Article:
As climate change progresses, glaciers worldwide continue to melt, and Chile, which holds 82% of South America’s glaciated land, is no exception. In addition to warming temperatures, the glaciers of southern Chile are threatened by explosions and pollution caused by mining operations near and atop the glaciers—harmful practices that have prompted environmental advocacy group Greenpeace to take matters into its own hands.
On March 5, 2014, Greenpeace declared a new country, the “Glacier Republic,” consisting of all 8,800 square miles of glaciated Chilean land. This bold environmental declaration was Greenpeace’s best attempt to protect Chilean glaciers from the unpunished corporate gold mining practices that pollute and excavate the ice at unsustainable rates.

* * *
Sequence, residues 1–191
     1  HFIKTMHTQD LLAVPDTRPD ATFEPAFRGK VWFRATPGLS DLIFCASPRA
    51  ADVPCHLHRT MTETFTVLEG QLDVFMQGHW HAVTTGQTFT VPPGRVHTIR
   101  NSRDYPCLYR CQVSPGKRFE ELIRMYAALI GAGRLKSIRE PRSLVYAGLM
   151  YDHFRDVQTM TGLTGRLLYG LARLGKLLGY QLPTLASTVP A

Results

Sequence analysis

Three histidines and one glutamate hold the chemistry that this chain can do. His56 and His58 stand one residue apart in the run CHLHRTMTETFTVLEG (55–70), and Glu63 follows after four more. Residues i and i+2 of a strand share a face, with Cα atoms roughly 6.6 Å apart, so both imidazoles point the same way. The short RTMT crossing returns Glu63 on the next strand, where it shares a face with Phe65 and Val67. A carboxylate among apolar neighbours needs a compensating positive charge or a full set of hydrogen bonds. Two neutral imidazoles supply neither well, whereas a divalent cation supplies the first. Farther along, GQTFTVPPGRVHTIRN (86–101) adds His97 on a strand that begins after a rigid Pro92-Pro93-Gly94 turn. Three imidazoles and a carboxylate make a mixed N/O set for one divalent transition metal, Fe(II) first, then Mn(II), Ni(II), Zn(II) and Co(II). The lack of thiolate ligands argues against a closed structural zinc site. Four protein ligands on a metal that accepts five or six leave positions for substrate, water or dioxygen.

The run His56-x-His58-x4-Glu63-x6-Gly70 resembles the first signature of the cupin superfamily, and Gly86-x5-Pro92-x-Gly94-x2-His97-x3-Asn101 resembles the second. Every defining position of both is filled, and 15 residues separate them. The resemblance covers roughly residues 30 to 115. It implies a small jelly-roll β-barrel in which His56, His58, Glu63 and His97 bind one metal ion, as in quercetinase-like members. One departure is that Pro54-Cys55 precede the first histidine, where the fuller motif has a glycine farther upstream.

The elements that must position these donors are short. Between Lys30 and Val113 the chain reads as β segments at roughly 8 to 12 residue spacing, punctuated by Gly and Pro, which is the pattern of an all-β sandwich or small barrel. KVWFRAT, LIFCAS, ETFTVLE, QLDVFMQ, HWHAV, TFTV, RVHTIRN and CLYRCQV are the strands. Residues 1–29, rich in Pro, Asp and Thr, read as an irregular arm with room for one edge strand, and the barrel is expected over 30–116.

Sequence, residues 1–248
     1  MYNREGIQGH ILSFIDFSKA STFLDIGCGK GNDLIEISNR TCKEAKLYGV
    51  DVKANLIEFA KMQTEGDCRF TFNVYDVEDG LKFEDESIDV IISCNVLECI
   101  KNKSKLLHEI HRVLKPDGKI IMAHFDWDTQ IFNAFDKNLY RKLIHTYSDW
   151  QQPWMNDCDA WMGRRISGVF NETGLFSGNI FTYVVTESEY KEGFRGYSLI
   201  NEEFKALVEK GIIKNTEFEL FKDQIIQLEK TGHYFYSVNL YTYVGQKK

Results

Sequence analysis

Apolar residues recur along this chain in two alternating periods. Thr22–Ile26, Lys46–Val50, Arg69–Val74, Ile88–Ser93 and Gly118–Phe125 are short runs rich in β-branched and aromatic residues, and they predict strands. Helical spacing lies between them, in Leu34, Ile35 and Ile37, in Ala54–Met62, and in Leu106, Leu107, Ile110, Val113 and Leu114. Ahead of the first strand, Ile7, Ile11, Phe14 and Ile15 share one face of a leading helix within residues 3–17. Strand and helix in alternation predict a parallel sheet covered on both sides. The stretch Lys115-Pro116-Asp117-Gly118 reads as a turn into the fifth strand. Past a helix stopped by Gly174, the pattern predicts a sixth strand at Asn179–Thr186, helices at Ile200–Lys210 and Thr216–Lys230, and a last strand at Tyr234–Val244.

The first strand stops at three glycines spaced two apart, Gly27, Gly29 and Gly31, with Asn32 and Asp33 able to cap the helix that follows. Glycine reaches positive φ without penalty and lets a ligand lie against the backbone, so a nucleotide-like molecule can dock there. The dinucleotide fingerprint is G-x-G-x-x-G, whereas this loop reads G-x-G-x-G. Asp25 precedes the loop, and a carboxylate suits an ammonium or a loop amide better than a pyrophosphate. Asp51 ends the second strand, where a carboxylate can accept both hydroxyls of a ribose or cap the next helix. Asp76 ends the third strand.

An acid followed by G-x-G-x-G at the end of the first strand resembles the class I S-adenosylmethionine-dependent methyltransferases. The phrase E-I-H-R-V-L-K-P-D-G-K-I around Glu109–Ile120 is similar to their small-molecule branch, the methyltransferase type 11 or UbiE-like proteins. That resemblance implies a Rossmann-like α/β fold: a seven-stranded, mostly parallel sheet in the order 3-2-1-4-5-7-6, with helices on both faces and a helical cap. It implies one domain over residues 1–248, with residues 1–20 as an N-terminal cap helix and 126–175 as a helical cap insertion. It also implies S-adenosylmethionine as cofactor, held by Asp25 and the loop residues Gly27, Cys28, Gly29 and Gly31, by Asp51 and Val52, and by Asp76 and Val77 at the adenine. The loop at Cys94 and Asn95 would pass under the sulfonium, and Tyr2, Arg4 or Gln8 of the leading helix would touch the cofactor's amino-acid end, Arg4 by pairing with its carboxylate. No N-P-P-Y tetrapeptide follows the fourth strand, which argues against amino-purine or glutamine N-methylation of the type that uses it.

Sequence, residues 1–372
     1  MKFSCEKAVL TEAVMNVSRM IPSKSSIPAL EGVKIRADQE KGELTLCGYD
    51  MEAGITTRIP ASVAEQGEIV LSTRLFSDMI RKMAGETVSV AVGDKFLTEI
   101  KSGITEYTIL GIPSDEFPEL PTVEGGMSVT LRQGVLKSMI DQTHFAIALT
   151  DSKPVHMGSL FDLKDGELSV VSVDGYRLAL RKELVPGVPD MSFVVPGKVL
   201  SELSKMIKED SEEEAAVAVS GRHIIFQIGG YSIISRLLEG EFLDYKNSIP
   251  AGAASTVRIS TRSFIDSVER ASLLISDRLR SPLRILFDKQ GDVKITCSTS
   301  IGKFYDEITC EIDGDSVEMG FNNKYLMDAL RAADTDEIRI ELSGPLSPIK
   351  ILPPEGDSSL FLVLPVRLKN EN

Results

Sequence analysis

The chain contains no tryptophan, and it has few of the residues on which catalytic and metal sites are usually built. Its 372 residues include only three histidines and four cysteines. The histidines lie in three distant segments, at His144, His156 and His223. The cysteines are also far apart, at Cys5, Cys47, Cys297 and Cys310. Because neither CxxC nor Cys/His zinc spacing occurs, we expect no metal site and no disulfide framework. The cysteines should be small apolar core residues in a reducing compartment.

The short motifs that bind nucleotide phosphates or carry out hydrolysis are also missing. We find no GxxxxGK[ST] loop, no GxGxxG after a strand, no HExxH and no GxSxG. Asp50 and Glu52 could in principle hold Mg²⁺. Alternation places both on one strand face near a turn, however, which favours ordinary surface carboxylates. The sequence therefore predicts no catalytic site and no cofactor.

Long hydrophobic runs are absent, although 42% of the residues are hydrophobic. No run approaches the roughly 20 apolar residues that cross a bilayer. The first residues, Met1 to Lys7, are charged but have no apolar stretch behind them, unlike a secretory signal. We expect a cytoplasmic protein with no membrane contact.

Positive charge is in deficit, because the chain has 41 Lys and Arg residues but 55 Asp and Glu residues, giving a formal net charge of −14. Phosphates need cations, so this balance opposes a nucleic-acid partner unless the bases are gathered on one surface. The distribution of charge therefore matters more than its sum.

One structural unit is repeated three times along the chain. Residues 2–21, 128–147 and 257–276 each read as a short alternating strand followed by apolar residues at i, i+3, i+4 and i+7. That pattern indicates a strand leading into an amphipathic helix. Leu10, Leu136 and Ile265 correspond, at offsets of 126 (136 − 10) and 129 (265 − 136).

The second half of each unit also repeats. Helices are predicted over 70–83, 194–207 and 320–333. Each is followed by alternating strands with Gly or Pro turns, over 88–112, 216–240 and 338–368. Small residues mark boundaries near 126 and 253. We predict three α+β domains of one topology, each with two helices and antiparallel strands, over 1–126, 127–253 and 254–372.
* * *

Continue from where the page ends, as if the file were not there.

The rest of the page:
The reason for the previous lack of environmental protection in the area was that, according to Greenpeace Chile director Matías Asún, Chile’s Constitution and water code exluded glaciers as public goods in need of protection. According to Asún, this legal loophole gives Greenpeace the ability to lay claim to the icy expanse.
Since the republic’s inception, Greenpeace has worked to ensure that the Glacier Republic can qualify as an actual nation. As of now, the unrecognized state has a population of over 165,000 petition signers, as well as a flag, a Declaration of Independence, a tent in the Andes serving as the capital, and 40 international embassies (conveniently located in Greenpeace’s international offices), satisfying all of the requirements for statehood outlined in the Montevideo Convention.
The group pledges to maintain its claims to sovereignty until all mining near glaciated areas is completely abandoned, including the Chilean government’s proposed expansion of the Andina copper mine, which would, if enacted, destroy nearly 20 square miles of glaciers and contaminate the watershed that provides water for six million Chileans.
As of today, the Glacier Republic is not recognized by any member of the United Nations, and unfortunately for Greenpeace, environmental protection has once again taken a back seat to economic opportunity.